I can only speak for my VA weather, but I think it got down to 8* at the lowest here last year. I didn't have a problem and I don't use any fuel additives. The winter blend most companies start using around winter time have some of the additives that help prevent gelling, but nothing is perfect. Some of the other folks will be along to tell you what they use exactly, because my 8* is nothing compared to what other members see on a daily basis in the winter.
__________________ -Tristan 2000 F-250 XLT 4x4 Ext Cab SB Auto DP Tuner 60T 80E 120R 4" Turbo Back WW F650 Dash DiPricols MAC Intake Foil Delete CCV Firestone Bags LED...
ULSD gels easier than LSD. Some stations sell a better winter blend than others that gels at lower temps. Last winter I found two local stations here with fuel that would consistently gel when temps fell into the teens. If I didn't run some anti-gel additive, my truck wouldn't start.
Before ULSD, I never had a problem... even at -25 degrees. Now, I have to keep a bottle on hand in the winter.
2002 F-250 PSD
Gambling with 250/200's on PMR's
478hp/851tq on Haller's dyno - 7/28/12
Your connection to the Colorado diesel community.
Diesel will start to change, depending on blend and variety, as high as around 40 degrees. At that temp, it can start to cloud as the wax particulates start to solidify... not a major problem, but still leaves you with tiny particulates that are going to be there even after you warm up the system. This isn't likely to cause any issue in your fuel system, as at this temperature as it is more likely to dissolve from engine heat if you properly warm up your engine and glow plugs. Gelling is the next stage beyond Clouding, where the next level of solidifying begins. At this point the actual fuel is starting to change and create heavier crystalline particles. This can happen as warm as 35 degrees without winterized fuel if the the particulate content is high enough. Suck enough of this stuff into your fuel lines and filter, and you are going to have problems. Think "clogged arteries" and "truck angioplasty". (It's a bigger problem with biodiesel, and since I try to run about 80% biodiesel I am getting a quick and dirty education on this right now as it has been about 38 here at night as of late and I've been dealing with some rough starts even at 44 degrees.)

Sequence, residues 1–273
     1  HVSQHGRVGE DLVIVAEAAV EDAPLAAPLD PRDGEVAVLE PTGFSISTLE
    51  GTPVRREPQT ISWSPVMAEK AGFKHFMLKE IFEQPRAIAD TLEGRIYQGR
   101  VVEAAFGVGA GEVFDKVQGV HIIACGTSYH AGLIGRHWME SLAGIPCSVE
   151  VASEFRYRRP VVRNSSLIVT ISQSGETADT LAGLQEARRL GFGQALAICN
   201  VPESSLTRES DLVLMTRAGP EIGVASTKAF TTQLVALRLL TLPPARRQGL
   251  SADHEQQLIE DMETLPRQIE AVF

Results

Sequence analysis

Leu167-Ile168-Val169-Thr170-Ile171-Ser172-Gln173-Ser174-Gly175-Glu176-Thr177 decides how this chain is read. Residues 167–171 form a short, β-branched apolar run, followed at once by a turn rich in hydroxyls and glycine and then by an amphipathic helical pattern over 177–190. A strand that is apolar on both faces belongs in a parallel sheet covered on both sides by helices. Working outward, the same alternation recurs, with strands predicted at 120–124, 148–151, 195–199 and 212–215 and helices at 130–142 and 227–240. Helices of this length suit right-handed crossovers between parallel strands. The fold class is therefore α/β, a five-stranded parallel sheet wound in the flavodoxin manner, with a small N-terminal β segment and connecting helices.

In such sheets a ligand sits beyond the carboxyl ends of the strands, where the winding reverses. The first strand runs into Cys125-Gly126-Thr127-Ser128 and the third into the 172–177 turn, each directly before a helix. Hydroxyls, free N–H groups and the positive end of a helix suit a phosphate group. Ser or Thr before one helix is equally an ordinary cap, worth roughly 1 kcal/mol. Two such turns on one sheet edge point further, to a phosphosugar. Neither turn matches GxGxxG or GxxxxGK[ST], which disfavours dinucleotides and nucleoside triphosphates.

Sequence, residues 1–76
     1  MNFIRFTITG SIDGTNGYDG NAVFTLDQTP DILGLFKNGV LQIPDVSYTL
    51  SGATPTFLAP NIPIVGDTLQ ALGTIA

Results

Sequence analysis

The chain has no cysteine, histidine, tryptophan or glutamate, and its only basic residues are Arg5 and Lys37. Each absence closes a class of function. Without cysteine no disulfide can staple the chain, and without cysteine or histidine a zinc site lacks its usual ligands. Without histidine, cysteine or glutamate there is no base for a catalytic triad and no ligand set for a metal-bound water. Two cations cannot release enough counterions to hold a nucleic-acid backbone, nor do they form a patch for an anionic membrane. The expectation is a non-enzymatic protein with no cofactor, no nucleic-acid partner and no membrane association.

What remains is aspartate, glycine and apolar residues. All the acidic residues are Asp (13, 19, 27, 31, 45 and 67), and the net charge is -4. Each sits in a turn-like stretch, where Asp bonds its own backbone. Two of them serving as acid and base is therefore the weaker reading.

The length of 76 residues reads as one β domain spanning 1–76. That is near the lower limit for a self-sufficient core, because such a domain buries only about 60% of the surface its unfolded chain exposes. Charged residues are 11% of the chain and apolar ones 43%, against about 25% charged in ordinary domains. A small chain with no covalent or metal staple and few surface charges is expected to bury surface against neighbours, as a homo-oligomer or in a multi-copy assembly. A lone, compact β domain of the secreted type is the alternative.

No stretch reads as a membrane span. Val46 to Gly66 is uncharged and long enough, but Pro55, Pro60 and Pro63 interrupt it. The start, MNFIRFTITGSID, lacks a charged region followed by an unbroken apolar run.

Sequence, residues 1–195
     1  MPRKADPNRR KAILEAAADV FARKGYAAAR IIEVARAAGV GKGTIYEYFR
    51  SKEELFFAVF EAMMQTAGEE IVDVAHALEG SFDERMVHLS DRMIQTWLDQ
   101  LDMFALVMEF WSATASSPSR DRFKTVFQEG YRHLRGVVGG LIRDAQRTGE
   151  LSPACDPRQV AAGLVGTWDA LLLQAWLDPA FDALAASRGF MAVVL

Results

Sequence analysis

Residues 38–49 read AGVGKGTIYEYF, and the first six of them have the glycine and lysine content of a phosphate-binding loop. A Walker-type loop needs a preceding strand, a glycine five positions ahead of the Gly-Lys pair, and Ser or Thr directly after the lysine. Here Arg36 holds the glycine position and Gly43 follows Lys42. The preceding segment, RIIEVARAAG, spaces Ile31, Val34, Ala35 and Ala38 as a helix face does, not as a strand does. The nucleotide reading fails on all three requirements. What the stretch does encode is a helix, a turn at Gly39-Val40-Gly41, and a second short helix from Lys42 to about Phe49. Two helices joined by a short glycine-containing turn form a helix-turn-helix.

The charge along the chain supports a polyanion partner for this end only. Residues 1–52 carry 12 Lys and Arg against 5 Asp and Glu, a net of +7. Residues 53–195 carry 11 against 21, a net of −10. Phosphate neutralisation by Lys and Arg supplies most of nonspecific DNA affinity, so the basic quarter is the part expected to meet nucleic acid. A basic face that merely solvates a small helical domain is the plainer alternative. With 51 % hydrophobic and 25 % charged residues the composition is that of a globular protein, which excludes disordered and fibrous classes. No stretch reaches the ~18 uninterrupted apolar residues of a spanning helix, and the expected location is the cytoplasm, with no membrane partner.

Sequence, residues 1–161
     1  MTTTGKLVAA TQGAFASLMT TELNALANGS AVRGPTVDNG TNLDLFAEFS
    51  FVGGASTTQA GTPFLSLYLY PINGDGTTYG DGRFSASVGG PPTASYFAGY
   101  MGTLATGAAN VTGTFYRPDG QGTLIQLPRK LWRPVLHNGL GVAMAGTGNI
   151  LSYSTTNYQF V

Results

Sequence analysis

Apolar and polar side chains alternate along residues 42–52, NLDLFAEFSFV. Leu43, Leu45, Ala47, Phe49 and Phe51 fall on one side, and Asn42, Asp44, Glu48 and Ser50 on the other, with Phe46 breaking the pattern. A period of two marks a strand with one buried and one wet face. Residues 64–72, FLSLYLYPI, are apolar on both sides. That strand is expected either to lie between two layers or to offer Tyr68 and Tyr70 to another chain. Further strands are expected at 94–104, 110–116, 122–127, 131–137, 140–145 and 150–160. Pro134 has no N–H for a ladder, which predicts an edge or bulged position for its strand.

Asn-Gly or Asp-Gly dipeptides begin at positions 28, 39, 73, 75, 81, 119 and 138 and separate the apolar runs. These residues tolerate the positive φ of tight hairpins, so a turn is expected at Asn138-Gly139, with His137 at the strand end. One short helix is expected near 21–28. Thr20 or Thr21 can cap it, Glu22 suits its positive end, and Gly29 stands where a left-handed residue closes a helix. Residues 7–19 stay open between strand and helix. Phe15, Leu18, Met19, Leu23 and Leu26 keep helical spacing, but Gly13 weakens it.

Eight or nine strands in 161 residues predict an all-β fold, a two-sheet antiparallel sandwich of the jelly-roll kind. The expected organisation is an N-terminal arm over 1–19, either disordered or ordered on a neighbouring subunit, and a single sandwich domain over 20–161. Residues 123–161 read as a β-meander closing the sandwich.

2002 F-250 7.3 Shorty / 6637 / GPR LED / LieOmeter Dimmer / FogLight Mod / SuperChips Tuner (and not happy about it) / Master of
I have had mine gel only once. 12-31-08 in Roseau, mn. It was -30 out and I had filled up from a station that doesn't sell much diesel the day before. I was using and additive but the fuel I got was horrible (sat way to long). That was the only time I had it gel up in 3 1/2 years.
I've always followed the advice/recommendations here and use the white DK. I keep a bottle of the red under the seat just in case. Wally world has it pretty cheap and it is as easy as it gets. Last winter at -18 in Steamboat I had no problems.
I agree with both Izzy and Rat. I run 1005 Bio in my truck 11 months out of the year. I run abt B80 in the dec-Jan time frame. Yes I am in PHX AZ. But it does get cold here around 30* some nights in that time frame. Never had a gelling issue till I installed a prepump filter. and it bucked and stumbled like it was out of fuel. I now run the b80 along with the white PS. Haven't had an issue since. In either of my trucks. I run the white PS just in case from thanksgiving to Presidents day. Just to be safe. cause I go back to B100. etc.
So that being said. Get the PS and run it in the truck b4 and during your trip to tahoe. Cheap insurance., Good for the truck anyway
2012 F150 Screw, 2x4 XLT+, Bad Boy Black[SIGPIC]
2002 F250 CC,SB,4X4,Lariat...SOLD. 2003 X, limited SOLD
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